The Lebanese Center for Human Rights (CLDH) studied the role of Members of Parliament (MPs) and how their work might be affecting the abolition of hate speech, and the embodiment of human rights in the Lebanese society; following the latest decision that has been imposed by the Caretaker Interior Minister Bassam Mawlawi concerning crackdowns on LGBTQI+ community gatherings on June 24, 2022. 

Recently, an increase in human rights violations was noted by several organizations, mostly affecting vulnerable groups. This emphasizes on the role of policy makers and decision makers in highlighting these human rights violations and defending them.

With the beginning of Pride month, Pride events are celebrated all over the world to fight for equality for the LGBTQI+ community. Events related to and organized by LGBTQI+ activists have been banned following the June 24th decision, which called on the ISF to take the necessary measures to "prevent any kind of event, celebration or gathering" of the LGBTQI+ community, which is a violation of their right to freedom of expression.

Violations of the LGBTQI+ Human Rights in Lebanon 

Throughout the years, police arrests, discrimination, and rights violations have targeted the LGBTQI+ community in Lebanon. The recent ban on pride events poses an additional threat to the basic constitutional rights of LGBTQI+ individuals as well as their right to equality, freedom of expression, and freedom of assembly. 

Furthermore, the exercise of hate speech and violence has affected Lebanese citizens and has set off threats against the community such as the destruction of a billboard containing a  rainbow flag in support to the LGBTQ+ that was set up for the abovementioned event by a Christian group calling itself the “Soldiers of God”'.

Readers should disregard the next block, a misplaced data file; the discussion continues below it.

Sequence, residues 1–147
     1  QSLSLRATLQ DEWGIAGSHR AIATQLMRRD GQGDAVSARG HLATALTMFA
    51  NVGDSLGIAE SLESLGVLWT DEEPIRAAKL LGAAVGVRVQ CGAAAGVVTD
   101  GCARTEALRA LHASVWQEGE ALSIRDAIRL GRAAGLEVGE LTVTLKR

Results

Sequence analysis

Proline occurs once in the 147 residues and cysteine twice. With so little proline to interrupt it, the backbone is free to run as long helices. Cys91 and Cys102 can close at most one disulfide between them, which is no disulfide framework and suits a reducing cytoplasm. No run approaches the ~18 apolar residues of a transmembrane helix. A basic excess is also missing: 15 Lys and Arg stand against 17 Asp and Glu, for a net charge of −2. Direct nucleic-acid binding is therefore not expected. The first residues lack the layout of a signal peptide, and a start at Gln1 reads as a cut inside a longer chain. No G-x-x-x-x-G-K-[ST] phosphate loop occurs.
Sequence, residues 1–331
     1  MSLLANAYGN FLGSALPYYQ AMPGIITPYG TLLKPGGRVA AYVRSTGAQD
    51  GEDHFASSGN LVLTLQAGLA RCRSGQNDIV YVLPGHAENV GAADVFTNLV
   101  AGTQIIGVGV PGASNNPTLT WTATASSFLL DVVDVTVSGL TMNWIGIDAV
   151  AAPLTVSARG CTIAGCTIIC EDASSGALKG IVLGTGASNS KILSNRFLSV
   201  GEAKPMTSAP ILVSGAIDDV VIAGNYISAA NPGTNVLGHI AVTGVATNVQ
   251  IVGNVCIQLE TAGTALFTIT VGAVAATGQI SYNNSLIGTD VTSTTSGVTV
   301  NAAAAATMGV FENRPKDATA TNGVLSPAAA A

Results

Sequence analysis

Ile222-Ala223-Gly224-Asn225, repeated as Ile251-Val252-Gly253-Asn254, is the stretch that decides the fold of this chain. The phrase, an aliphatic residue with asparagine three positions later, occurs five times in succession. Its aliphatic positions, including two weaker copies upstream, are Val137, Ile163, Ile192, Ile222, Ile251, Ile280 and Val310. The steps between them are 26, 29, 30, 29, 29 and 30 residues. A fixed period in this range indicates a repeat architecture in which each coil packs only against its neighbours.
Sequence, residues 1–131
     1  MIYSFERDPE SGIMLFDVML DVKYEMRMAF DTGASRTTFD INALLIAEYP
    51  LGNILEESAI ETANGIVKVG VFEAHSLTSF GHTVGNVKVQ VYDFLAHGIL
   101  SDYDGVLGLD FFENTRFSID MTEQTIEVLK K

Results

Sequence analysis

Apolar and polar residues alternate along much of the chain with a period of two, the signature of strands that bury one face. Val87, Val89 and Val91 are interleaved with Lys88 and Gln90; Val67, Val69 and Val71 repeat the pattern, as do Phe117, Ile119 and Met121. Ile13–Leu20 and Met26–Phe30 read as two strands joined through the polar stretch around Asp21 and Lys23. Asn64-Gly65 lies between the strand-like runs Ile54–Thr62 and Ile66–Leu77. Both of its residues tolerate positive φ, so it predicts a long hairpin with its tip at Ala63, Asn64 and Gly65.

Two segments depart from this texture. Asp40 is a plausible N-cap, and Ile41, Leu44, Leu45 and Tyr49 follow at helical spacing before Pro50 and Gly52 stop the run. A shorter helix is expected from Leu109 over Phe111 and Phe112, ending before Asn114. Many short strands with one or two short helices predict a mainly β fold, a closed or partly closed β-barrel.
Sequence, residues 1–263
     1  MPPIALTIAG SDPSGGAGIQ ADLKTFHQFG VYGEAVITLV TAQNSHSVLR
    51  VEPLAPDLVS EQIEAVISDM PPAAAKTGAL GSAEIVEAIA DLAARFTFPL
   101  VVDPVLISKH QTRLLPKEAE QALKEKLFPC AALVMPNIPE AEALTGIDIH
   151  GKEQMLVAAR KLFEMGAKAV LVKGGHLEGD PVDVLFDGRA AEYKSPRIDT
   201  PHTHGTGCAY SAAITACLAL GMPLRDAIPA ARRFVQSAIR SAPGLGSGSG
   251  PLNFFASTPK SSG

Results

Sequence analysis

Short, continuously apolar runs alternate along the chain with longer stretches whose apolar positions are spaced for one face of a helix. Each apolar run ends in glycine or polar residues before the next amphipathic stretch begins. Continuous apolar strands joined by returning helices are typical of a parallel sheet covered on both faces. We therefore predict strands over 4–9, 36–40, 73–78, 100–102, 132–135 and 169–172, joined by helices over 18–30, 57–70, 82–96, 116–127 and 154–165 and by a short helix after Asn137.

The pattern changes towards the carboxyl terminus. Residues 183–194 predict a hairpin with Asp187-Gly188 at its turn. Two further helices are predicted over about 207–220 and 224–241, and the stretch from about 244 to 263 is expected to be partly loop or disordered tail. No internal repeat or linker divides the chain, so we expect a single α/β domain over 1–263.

Caretaker Minister of Interior, Mawlawi, considers homosexuality as “a phenomenon contrary to the habits and customs of our society” and that “freedom of expression cannot be invoked in this case, which affirms that the Minister acknowledged the possibility of violating freedom of expression. His decision has been either supported or denounced by some of the Lebanese members of Parliament (MP)s. The remainder didn’t comment or give their opinion about it.

The positions of MPs on the matter

CLDH condemns the ministry of interior’s decision as well as MPs' statements supporting it. MP Yassin Yassin, a member of the Sahlouna wal Jabal Party, for instance, considered that homosexuality is a direct attack on Dar al-Fatwa and “religious sanctities” not to forget the other MPs affiliated to different political parties who supported the decision taken by Mawlawi.